I was very pleased to see that the last three I AM AWESOME! tabs from the Hulk Hogan poster in the elevator at work have been yanked off sometime today between 7:45 a.m. and 9:00 a.m. Yay!
Also I was pleased to see that the poster outside of the elevator on the 1st floor with a smiling icon-man walking up stairs, with the slogan “Have You Taken The Stairs Lately?” has been shredded by what looks like a large cat. Mwahahaaa. I thought it was funny and by the time I picked up the camera to preserve that moment for all time it had been removed. No matter, there are four floors, four elevators, and four shameful posters. Well, three posters.
Okay, two posters since I reproduced the tattered state of the first poster I saw as best I could from memory. For posterity. I didn’t tear it originally but I did have plans to deface it. My defacing plans were to write a word-bubble on a sticky note that came out of stick-man’s head that would say “nope.” I think the shredded poster, held up by a few remains of original tape, sends a clearer message home.
It’s not like even 10% of employees in my office are overweight. For crying out loud there’s so many people who walk or cycle to work. To this day I cannot wash the image out of my brain of a co-worker getting ready to bicycle home at the end of the day at least four years ago. He caught me glancing at his legs and he said, “yeah, I’m pretty skinny, right?” What’s the right thing to say to that when clearly his spandex shorts were flapping in the wind? My point is if I walked two miles to work or bicycled 8 km and treated myself to an elevator ride I’d be shredding the poster too.
The placement of the guilt-inducing “Have You Taken The Stairs Lately” posters right outside of the elevators was a low blow, and I like to think the WHO IS AWESOME? YOU ARE AWESOME! poster in the elevator validated the down-trodden folks who still took the elevator. I wish I could see the expressions on their faces. I imagine it went like this: person walks up to the elevator thinking about work-related tasks with maybe a furrowed brow, sees the bright red shame-on-you poster with the stupid smiling man with a heart two sizes too big and decides to take the elevator anyway, and their facial expression changes to quivering chin and probably rapid blinking as they press the elevator button and consider how they have not only failed at lifestyle perfection but they have let their father / son / cat / therapist / junior high teacher who really believed in them down, then a look of disbelief as Hulk Hogan welcomes them into the elevator, and they look over both shoulders and then point to themselves as they mouth “me?”; the disbelief erupts into pure joy and unabashed self-esteem as they discover that Hulk Hogan, paragon of virtue and physical fitness, thinks that they, yes they, are awesome.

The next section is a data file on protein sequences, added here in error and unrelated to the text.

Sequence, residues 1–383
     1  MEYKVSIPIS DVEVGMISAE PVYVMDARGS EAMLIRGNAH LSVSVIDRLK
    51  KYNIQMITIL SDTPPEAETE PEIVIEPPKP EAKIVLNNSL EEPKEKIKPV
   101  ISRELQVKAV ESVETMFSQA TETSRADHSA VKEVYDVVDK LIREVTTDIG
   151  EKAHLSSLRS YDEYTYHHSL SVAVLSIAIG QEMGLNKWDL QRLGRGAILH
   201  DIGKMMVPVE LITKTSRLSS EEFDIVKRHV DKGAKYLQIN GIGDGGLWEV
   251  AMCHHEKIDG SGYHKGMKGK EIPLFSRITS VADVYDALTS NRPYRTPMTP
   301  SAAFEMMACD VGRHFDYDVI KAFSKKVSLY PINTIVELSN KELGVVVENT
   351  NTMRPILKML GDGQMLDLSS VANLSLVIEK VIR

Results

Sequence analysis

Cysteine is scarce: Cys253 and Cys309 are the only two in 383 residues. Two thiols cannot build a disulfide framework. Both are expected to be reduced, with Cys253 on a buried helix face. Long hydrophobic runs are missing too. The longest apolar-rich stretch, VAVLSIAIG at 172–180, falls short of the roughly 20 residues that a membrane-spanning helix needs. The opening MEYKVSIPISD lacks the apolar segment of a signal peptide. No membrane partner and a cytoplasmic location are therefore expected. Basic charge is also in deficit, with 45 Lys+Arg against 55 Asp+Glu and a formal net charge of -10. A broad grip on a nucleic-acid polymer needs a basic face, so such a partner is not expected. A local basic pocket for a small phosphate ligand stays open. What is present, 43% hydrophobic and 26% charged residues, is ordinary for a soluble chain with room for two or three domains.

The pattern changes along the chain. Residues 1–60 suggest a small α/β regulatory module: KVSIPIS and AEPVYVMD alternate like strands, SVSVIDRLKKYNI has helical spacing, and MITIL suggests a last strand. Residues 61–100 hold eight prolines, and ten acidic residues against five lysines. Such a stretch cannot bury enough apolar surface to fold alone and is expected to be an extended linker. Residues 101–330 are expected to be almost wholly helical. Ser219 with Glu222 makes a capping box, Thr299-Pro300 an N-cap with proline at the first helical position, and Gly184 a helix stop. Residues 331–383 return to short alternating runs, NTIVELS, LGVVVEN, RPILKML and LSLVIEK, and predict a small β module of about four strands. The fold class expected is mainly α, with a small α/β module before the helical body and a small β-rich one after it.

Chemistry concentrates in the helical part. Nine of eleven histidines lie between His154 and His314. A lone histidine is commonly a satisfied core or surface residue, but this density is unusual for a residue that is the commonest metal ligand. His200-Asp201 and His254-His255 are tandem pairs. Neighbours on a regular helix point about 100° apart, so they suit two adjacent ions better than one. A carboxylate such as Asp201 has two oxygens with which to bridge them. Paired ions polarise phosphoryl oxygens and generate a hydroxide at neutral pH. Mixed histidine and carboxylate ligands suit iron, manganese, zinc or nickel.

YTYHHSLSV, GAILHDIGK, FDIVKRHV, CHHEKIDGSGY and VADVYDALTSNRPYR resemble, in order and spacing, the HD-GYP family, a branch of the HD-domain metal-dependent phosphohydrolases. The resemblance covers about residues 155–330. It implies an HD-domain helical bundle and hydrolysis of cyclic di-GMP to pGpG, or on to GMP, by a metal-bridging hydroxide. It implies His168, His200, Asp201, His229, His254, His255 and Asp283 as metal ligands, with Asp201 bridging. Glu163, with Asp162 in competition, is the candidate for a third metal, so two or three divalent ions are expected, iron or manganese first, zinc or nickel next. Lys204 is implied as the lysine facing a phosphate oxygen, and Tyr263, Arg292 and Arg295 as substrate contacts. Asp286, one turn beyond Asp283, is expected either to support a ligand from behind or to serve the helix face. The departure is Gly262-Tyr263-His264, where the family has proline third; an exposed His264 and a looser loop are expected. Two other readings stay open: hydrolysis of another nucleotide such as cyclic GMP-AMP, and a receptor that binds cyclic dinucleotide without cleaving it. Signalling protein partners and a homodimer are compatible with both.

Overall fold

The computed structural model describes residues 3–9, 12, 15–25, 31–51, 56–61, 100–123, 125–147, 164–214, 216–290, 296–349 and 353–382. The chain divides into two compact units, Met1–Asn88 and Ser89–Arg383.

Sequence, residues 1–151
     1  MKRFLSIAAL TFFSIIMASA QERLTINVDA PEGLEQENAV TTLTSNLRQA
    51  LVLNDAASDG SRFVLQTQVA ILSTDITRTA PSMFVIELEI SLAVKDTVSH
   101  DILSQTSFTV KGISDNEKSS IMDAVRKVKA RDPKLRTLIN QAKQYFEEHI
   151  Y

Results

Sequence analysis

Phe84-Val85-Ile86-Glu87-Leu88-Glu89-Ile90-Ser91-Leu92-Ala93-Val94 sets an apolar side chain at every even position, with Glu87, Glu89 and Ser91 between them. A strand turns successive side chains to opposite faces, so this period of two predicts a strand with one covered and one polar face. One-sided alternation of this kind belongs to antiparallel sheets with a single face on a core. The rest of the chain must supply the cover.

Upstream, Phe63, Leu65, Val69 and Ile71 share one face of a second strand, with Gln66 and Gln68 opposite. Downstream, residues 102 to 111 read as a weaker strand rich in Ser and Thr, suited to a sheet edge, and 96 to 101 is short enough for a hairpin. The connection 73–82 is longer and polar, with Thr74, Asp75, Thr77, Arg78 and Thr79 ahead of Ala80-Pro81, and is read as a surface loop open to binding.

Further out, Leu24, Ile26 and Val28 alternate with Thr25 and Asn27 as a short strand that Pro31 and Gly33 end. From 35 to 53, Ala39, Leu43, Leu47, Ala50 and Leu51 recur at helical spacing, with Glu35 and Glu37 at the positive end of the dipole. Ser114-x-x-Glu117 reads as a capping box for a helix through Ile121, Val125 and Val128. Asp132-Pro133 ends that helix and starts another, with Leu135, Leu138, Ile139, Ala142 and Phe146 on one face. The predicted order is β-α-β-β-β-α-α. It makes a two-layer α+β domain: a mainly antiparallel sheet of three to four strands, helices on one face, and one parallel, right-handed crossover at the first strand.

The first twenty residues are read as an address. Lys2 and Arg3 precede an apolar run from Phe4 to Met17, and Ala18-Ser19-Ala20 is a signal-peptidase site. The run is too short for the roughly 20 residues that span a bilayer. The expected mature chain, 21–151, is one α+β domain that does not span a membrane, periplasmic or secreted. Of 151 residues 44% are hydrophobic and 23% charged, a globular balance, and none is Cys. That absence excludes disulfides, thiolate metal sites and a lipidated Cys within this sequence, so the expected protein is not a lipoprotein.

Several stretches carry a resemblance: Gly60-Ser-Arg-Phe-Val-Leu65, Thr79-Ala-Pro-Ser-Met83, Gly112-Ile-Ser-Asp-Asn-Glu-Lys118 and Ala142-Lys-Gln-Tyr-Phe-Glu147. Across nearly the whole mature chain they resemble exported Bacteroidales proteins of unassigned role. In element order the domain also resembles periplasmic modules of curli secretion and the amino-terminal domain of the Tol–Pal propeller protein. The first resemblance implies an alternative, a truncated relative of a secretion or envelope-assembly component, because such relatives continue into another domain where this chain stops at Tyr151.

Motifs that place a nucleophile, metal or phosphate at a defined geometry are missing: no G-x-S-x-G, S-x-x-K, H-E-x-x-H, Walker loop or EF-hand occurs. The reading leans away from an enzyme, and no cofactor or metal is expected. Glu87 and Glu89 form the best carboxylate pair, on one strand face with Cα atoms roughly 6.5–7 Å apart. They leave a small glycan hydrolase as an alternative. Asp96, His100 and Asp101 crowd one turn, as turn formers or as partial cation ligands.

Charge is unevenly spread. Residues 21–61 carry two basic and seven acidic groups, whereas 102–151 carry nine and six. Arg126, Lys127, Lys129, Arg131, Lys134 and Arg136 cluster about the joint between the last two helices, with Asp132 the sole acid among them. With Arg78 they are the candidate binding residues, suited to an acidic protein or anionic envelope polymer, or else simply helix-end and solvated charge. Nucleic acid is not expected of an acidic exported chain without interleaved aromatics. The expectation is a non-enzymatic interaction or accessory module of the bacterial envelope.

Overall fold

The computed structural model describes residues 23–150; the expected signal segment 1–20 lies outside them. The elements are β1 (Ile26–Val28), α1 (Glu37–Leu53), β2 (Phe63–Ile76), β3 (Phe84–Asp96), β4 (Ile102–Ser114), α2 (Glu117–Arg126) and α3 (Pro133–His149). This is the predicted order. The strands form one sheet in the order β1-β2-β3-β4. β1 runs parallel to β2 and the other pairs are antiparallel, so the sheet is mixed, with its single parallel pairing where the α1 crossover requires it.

I was waiting for my bus downtown and a man approached me. He explained that he had just come to the city on the Greyhound from Calgary and asked me for money.
I wanted to ask him if Calgary knew he was wearing a Winnipeg Jets t-shirt.
The winter ad on the bus shelter where I hop on the bus downtown featured that bright yellow public service ad encouraging us all to get tested and treated for free. Not only was it a sunshiny yellow to brighten my spirits when the skies were so dismally gray but it was educational, too. The next time I’m in a social setting where there’s an awkward silence I’ll pipe up with my new Cliff-Claven-esque tidbits such as it’s a little known fact that the highest rate of chlamydia in Winnipeggers is in 15-24 year olds, and you may have chlamydia and not know it. Also, there is not a “K” in chlamydia (which was news to me).